Traditionally, consumers experienced a brand through advertising on television, radio, billboards, magazines and in store point of sale. This was very much a broadcast method with consumers coming into contact with particular branding when they had a need or by chance.
As branding became more scientific, organisations started to associate their products and brands with sporting organisations and events in an attempt to capitalise on what they see as shared values as they sought to influence consumers and win their hearts and minds. Packaging also improved to reflect the values organisations are looking to associate with their products.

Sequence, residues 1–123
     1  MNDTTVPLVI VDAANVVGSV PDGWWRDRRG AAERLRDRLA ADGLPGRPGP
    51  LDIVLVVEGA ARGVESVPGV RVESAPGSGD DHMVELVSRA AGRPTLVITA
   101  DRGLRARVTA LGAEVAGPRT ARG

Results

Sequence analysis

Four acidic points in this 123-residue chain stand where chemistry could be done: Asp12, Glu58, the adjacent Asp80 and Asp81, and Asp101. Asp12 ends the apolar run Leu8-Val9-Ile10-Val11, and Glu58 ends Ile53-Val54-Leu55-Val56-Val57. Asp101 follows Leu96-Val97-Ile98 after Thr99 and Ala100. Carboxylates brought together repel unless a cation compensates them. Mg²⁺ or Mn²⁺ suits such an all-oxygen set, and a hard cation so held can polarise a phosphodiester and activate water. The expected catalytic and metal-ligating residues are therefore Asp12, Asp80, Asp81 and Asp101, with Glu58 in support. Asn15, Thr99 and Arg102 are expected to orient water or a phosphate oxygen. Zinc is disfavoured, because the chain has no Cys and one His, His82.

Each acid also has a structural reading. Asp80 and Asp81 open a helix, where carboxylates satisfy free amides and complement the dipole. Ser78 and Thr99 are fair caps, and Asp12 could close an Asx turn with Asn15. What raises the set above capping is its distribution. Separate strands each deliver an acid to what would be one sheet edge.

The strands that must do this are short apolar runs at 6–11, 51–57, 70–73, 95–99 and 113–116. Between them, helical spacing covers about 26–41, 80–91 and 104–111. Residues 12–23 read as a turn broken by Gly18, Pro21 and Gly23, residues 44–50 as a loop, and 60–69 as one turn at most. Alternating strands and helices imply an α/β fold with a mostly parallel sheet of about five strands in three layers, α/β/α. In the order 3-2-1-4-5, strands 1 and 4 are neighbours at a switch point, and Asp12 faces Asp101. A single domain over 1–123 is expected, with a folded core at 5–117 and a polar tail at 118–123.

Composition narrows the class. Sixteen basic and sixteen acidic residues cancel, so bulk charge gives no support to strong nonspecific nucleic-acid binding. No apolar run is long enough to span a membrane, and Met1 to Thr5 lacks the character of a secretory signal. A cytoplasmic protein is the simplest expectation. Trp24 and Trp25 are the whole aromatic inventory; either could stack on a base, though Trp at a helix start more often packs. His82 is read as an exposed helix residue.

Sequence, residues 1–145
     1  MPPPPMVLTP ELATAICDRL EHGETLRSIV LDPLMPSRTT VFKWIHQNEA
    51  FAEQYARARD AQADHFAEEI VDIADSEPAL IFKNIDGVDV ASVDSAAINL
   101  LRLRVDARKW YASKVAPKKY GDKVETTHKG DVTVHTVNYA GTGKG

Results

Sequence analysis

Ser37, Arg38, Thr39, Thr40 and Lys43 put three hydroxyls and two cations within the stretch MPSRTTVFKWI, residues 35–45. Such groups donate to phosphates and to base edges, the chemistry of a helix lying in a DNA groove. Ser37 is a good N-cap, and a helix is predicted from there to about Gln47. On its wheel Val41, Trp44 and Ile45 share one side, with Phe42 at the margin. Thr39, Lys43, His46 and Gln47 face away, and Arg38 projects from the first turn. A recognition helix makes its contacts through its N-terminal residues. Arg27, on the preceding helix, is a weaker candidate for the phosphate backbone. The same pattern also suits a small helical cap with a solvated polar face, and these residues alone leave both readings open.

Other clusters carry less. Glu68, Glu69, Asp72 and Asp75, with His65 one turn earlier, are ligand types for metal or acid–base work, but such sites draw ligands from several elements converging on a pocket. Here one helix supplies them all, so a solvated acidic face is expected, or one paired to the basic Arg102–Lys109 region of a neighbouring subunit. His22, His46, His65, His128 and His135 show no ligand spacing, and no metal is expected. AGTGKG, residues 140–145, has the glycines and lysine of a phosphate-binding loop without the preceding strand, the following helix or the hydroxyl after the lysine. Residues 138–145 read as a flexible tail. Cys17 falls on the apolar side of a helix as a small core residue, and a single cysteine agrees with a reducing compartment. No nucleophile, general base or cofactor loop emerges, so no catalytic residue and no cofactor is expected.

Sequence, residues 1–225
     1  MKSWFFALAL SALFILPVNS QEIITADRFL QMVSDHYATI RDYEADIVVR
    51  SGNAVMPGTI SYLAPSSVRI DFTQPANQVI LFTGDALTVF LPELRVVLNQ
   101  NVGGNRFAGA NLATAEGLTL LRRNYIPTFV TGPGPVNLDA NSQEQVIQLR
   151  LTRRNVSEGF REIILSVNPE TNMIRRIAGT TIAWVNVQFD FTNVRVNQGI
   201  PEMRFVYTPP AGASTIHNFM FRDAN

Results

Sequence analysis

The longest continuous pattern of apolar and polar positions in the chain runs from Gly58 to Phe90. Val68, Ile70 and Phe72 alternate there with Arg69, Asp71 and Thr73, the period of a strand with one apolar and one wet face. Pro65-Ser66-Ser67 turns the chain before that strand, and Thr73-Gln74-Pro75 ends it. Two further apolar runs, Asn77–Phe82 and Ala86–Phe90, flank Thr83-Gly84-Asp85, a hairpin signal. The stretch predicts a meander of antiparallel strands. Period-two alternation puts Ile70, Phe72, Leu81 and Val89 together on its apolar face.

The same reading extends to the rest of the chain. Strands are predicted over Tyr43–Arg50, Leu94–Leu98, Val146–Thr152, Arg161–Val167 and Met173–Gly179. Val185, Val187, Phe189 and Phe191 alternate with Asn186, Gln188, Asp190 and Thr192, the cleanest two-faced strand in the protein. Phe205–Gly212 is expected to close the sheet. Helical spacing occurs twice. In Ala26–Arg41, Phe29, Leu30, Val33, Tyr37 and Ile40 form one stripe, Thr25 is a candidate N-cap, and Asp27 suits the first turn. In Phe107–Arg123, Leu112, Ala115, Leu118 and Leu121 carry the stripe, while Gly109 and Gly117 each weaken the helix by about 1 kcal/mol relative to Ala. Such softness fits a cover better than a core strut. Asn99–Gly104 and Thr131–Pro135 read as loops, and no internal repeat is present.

Although these methods are effective, organisations are always searching for ways to influence their consumers and improve engagement with their brands. The rapid growth and development of the internet has seen a shift to modern day technologies; internet, social media, apps and mobile technologies have begun to dominate branding. The internet, and in particular the advent of social media, means that the number of contact points a customer has with a brand has proliferated2. In the past, companies broadcast their message be it via an advert, poster, brochure or website. Today, consumers are looking for dialogue. And so the attention of marketing has also had to change from features, to benefits, to experience, to tribal identification.